According to research from George Easton and Eve Rosenzweig, both associate professors of information systems & operations management, a team leader’s social capital and experience leading projects of the same type are factors in the effectiveness of an improvement team. By using six years of six sigma improvement project data from a Fortune 500 consumer products manufacturer, the researchers reached a rather surprising finding regarding a team leader’s social capital. Improvement teams do not appear to benefit from the leader’s experience working with the current team members on prior projects. What matters instead is the team leader’s experience working with a variety of people on prior improvement projects. The researchers suggest that the experience of dealing with many different individuals allows improvement team leaders to better identify suitable people to join their teams. Such a variety of experience also likely makes team leaders more politically astute when determining projects to pursue. In addition, the professors found that a team leader’s experience with the same type of project is important during the early stages of a six sigma implementation. The importance of this kind of experience declines as the system becomes more mature. The professors suggest that in a mature six sigma deployment, the organization’s cumulative body of documented learnings may well substitute for a team leader’s own prior experience leading a particular project type.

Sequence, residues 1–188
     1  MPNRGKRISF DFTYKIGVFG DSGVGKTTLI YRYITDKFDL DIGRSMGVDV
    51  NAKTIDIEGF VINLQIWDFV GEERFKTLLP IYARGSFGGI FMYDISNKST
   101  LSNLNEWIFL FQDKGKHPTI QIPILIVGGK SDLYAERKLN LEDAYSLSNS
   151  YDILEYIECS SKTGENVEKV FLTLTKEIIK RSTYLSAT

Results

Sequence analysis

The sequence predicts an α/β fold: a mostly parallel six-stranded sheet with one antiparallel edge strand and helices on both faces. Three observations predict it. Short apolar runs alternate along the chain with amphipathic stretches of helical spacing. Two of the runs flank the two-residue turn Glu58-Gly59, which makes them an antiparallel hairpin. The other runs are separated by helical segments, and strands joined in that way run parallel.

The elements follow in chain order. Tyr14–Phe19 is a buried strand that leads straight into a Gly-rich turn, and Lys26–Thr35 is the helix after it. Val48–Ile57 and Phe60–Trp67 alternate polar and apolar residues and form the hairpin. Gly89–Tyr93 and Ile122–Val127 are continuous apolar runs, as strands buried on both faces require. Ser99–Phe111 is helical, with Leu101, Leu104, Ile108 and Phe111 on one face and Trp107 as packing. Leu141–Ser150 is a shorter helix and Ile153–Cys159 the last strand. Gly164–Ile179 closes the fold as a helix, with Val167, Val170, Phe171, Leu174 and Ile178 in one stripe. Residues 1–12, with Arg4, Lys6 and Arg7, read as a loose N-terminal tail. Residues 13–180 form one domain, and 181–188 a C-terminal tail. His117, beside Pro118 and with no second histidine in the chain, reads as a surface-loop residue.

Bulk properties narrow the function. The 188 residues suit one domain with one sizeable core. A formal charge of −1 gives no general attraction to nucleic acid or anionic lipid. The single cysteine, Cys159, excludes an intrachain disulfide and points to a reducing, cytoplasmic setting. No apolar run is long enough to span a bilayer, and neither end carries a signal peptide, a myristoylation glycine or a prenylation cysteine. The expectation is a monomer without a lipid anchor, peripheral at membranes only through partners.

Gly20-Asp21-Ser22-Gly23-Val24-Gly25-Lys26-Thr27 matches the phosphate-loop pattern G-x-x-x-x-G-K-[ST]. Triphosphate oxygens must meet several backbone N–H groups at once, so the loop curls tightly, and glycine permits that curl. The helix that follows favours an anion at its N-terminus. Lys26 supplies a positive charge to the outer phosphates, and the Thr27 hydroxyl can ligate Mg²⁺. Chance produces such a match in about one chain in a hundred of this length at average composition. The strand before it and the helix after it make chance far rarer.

George Easton Associate Professor of Information Systems & Operations Management
Eve Rosenzweig Goizueta Foundation Term Professor of Information Systems & Operations Management